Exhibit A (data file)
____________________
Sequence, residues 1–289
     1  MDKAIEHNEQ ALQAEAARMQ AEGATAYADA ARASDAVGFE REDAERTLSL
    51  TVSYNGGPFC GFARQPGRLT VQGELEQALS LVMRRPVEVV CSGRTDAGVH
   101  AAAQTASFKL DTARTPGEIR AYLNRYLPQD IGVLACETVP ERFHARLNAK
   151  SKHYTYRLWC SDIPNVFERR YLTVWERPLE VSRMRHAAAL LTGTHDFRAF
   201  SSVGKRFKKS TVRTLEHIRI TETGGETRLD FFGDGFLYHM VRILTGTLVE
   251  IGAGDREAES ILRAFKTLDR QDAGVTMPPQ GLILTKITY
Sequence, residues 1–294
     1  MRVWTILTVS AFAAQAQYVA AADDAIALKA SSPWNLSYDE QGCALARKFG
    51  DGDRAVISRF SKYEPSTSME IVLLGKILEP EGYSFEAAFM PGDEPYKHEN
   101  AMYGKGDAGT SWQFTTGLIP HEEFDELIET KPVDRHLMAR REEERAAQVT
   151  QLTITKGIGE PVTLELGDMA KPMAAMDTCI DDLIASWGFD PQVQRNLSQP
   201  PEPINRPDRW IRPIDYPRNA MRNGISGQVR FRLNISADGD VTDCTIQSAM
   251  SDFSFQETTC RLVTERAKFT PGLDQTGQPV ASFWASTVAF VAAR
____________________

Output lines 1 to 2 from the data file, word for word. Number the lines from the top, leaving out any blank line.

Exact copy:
Sequence, residues 1–289
     1  MDKAIEHNEQ ALQAEAARMQ AEGATAYADA ARASDAVGFE REDAERTLSL